Allegations that the US government intervened to censor a report into rendition and torture by UK spies have been rejected by the senior group of MPs behind it.
Dominic Grieve, chair of the intelligence and security committee (ISC), dismissed claims there were any significant last-minute changes granted to the document.
The ISC is a group of nine MPs and peers who scrutinise the work of Britain’s security services.
Mr Grieve was responding after a story in The Times said US officials were demanding changes into the report – due to be published on Thursday.
The newspaper claimed it would call for “sweeping changes” to protocols governing how British spies operate in the field and increasing ministerial oversight over their activity.
Mr Grieve said he was speaking out “exceptionally” to dispel fears of censorship and stop the claims “distracting” from his report’s key messages.
Only one word had been redacted from 300 pages “to meet a US security concern”, the MP for Beaconsfield revealed.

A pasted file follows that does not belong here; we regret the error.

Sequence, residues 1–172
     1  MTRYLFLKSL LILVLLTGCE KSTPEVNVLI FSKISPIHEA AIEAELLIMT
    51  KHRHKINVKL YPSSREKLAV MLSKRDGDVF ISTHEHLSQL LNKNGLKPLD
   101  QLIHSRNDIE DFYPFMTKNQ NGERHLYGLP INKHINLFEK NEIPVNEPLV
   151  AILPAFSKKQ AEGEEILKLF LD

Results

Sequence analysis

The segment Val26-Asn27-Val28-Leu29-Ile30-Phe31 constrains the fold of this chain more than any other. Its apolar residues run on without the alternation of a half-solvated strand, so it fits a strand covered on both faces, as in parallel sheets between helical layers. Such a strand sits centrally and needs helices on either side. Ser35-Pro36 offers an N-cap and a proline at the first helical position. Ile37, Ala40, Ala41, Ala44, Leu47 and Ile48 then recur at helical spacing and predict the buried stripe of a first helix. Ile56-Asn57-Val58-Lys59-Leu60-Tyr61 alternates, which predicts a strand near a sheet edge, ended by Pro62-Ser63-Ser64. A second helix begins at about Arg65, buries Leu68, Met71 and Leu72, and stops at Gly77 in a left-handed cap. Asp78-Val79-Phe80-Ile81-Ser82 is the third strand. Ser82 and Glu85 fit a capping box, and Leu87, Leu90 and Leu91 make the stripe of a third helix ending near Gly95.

He said: “On Thursday I will happily point you to where those asterisks are in the report and you can see for yourself that it is not a central issue, nor a controversial issue.
“The committee does not agree to redact material in its reports on grounds of embarrassment to anyone.
“So I can assure you that the US has not made wholesale redactions to the reports, as suggested.”
Mr Grieve also attacked the government, accusing it of acting “unacceptably” by leaking the report to the media.
“It appears that that procedure has been abused in order to leak details of the reports, so as to draw the sting on Thursday,” he said.
The Cabinet Office declined to comment.